Colorectal cancer screening uptake in the UK needs to increase to improve survival


Bowel cancer, also known as colorectal cancer, is a progressive cancer with high reported incidence in developed countries. Only half of newly diagnosed cases survive five years or more. However, early detection is possible due to regular screening for the disease in many parts of the world. In the UK, the National Health Service (NHS) annually sends home tests to the population aged 60-74 to screen for colon cancer. The penetration rate of this home test kit has improved over time. Currently, 70% of his population has returned completed home his screening kits for analysis. However, almost a third of the population remains untested due to the lack of response to this initiative. To improve the survival rate in the future, it is necessary to let more people know about this initiative.

Colorectal cancer is a significant health burden, with GlobalData epidemiologists predicting 47,000 diagnosed cases of colorectal cancer in the UK in 2023. This will increase to 53,000 diagnosed cases in 2031 with an annual growth rate of 1.5%. Based on historical data analyzed by GlobalData, the incidence of this cancer has changed little over the past decade, so the increase in the number of cases can be attributed to the projected increase in the population.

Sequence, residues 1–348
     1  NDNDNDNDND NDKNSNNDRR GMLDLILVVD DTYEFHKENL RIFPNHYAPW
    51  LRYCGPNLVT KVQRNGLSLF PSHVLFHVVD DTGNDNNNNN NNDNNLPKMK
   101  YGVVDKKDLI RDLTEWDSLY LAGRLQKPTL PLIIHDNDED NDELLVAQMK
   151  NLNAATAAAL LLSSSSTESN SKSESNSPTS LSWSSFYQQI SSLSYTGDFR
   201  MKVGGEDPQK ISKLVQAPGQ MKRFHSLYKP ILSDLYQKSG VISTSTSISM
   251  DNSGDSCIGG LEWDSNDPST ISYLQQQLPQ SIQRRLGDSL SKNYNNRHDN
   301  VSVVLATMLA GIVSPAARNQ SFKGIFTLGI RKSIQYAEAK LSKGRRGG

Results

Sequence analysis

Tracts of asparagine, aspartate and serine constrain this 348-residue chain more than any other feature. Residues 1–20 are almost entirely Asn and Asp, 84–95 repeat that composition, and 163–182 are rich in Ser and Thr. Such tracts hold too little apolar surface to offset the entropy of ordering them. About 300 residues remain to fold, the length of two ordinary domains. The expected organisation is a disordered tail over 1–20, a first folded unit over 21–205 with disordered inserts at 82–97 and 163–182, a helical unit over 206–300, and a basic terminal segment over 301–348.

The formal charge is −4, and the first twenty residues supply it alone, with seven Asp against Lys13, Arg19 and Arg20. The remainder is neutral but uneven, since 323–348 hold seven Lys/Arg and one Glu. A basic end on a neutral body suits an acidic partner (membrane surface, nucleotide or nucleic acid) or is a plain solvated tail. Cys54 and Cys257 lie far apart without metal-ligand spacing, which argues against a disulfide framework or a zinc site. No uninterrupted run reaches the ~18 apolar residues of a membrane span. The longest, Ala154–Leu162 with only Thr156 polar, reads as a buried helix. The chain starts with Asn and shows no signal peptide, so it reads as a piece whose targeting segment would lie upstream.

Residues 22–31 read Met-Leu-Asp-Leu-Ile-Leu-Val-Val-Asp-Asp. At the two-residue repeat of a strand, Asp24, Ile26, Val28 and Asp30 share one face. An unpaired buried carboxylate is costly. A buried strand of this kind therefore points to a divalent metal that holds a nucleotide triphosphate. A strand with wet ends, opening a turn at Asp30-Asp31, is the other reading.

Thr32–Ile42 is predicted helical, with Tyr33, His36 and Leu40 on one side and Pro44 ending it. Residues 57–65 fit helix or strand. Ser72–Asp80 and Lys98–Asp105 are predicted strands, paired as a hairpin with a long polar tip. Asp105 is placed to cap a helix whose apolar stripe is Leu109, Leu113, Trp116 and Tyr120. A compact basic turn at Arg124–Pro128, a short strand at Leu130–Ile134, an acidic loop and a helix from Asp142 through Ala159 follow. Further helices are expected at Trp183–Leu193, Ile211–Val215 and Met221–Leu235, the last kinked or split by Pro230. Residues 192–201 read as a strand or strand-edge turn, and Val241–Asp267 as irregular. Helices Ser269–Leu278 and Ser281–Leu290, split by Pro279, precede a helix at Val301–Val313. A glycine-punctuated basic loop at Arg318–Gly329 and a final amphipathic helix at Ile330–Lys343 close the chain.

GlobalData epidemiologists also predict that nearly 60% of new cases will be diagnosed at an advanced stage. Most colorectal cancer cases are still diagnosed at a later stage, which means they have a lower survival rate than those diagnosed at an earlier stage.

The NHS is distributing free stool immunochemistry kits (FIT) for use at home. This home test kit is supposed to protect an individual’s privacy and remove stigma from using it.For those aged 60-74 who are registered with their local healthcare provider in England, , this kit is automatically sent to her every two years. There are also plans to lower the screening age to her 50s by 2025, which will greatly expand screening coverage. However, almost one-third of the population receiving this kit does not respond. This suggests the need for better public health awareness campaigns. The message should be adjusted to remove the stigma and embarrassment of faecal content so that the current non-responding third of the population can be encouraged to take advantage of the test and return the kit. Improving responsiveness and broadening the age range will greatly improve the chances of survival through early detection of this cancer.

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